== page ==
The power to command the Army of the Grand Duchy
The power to appoint members to the Council of State
The power to issue and withdraw passports
The power to grant prerogative of mercy (though capital punishment is abolished, this power is still used to change sentences)
The power to grant honours
The power to create corporations via Royal Charter

Foreign powers
The power to ratify and make treaties
The power to declare war and peace
The power to deploy the Armed Forces overseas
The power to recognise states
The power to credit and receive diplomats

Cultural Role and Traditions
The monarch and members of the Grand Ducal Family undertake a variety of official, unofficial and other representative duties within Lionbourg and abroad. The monarch and his or her family play a central role in state visits to Lionbourg and conduct state visits to other nations on behalf of Lionbourg. Other members of the Grand Ducal Family may also represent the country abroad at lesser functions.

The Court still keeps some old traditions, most famous is the "Promotio sub auspiciis Magni ducis", in which PhD students with extraordinary credentials receive a ring of honor from the monarch. Another tradition is that the reigning grand duke becomes the godfather of a seventh son and the grand duchess the godmother of a seventh daughter. The child is then given the name of the Sovereign and receives a gift from the palace and lord Mayor of the city. There's also the centuries-old ceremonial welcome the new monarch receives in the country during the Joyous Entry.

Grand Ducal Household
The Grand Duke's Household consists of seven autonomous departments and the Court's Steering Committee. Each Head of Department is responsible for his department and is accountable to the monarch.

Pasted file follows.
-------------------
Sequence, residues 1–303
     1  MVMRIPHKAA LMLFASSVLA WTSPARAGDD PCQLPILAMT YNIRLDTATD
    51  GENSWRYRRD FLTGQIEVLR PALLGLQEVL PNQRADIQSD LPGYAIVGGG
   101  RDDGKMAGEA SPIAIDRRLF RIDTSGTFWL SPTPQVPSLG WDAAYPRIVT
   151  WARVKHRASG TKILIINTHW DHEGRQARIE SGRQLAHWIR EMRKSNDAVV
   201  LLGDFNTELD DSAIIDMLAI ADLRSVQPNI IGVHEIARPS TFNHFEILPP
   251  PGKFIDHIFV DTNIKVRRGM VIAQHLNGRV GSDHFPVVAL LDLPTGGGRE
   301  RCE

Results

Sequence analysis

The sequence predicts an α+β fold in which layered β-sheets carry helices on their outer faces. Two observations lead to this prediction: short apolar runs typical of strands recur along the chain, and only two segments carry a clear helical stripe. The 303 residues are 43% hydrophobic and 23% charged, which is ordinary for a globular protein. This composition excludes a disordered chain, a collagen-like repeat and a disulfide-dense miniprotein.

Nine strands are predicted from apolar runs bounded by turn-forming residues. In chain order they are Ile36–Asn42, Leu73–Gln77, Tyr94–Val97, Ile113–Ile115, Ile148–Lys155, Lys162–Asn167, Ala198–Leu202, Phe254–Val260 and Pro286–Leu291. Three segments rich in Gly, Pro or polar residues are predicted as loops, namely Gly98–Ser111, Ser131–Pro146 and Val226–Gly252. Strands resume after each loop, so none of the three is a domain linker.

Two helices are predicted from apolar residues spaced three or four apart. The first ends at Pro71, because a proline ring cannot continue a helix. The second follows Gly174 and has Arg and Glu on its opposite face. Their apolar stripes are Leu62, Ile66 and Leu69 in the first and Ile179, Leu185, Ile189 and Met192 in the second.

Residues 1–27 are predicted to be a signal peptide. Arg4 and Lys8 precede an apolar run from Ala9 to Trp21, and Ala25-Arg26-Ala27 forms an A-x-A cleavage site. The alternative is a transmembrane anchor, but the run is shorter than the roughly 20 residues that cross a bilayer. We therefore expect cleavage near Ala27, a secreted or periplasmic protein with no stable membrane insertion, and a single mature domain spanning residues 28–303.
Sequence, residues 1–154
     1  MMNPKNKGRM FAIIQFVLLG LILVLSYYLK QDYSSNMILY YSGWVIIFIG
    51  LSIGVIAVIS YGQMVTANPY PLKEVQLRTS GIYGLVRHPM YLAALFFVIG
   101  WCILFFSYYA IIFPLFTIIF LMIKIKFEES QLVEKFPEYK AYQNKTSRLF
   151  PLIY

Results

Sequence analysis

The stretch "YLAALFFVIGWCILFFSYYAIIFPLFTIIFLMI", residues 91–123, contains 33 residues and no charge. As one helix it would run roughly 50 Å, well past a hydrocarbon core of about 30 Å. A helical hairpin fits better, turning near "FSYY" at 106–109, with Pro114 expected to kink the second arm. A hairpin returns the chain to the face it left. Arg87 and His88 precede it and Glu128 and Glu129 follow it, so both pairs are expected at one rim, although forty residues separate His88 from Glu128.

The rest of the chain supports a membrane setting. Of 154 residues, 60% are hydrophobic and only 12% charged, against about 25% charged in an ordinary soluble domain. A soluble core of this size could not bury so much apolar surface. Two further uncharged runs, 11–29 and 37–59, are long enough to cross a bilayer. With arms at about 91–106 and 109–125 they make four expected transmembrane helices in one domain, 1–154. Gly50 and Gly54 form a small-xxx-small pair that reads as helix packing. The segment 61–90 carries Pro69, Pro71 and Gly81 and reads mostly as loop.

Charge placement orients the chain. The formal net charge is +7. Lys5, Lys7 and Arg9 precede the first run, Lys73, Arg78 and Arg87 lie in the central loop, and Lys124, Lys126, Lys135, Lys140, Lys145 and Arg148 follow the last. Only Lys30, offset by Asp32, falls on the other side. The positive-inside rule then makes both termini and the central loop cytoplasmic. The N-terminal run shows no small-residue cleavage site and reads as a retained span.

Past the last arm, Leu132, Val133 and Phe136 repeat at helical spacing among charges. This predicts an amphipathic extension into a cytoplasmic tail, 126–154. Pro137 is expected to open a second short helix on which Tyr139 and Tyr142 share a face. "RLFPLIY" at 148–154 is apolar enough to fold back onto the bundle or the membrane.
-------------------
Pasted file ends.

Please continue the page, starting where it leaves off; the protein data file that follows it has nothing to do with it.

- the Department for Economic, Social and Cultural Affairs
- the Grand Duke's Cabinet
- the Grand Duke's Military Household
- the Grand Duke's Civil List
- the Department for Foreign Relations
- the Department of the Protocol of the Court
- the Department of Petitions

The Grand Duke's Chief of Cabinet is responsible for dealing with political and administrative matters and for maintaining the relations with the government, trade unions and industrial circles. In relation to the Grand Duke, the Chief assists in keeping track of current events; informs regarding all aspects of Lionbourger life; proposes and prepares audiences; assists in preparing speeches and informs the Grand Duke about developments in international affairs. The Chief of Cabinet is assisted by the Deputy and Legal Adviser, the Press Adviser and the Archivist.

The Head of the Grand Duke's Military Household assists the Grand Duke in fulfilling his duties in the field of defence. He informs the Grand Duke about all matters of security, defence policy, the views of Lionbourg's main partner countries and all aspects of the Lionbourg Armed Forces. He organises the Lionbourg's contacts with the Armed Forces, advises in the fields of scientific research and police and coordinates matters with patriotic associations and former service personnel. The Military Household is also responsible for managing the Palace's computer system. The Head of the Military Household is a General Officer, and assisted by an adviser. The Grand Duke's Aides-de-Camp and the Grand Duke's Equerries are also attached to the Military Household.

The Grand Duke's aides-de-camp are senior officers chosen by the monarch and charged with carrying out certain tasks on his behalf, such as representing him at events. The Grand Duke's Equerries are young officers who take turns preparing the Grand Duke's activities, informing him about all the aspects that may be important to him and providing any other useful services such as announcing visitors. The equerry accompanies the Grand Duke on his trips except for those of a strictly private nature.

The Intendant of the Grand Duke's Civil List is responsible for managing the material, financial and human resources of the Grand Duke's Household. He is assisted by the Commandant of the Royal Palaces, the Treasurer of the Grand Duke's Civil List and the Civil List Adviser. The Intendant of the Civil List also advises the Grand Duke in the field of energy, sciences and culture and administers the Grand Duke's hunting rights. The Commandant of the Royal Palaces is mainly in charge, in close cooperation with the Chief of Protocol, of the logistic support of activities and the maintenance and cleaning of the Palaces, Castles and Residences. He is also Director of the Royal Hunts.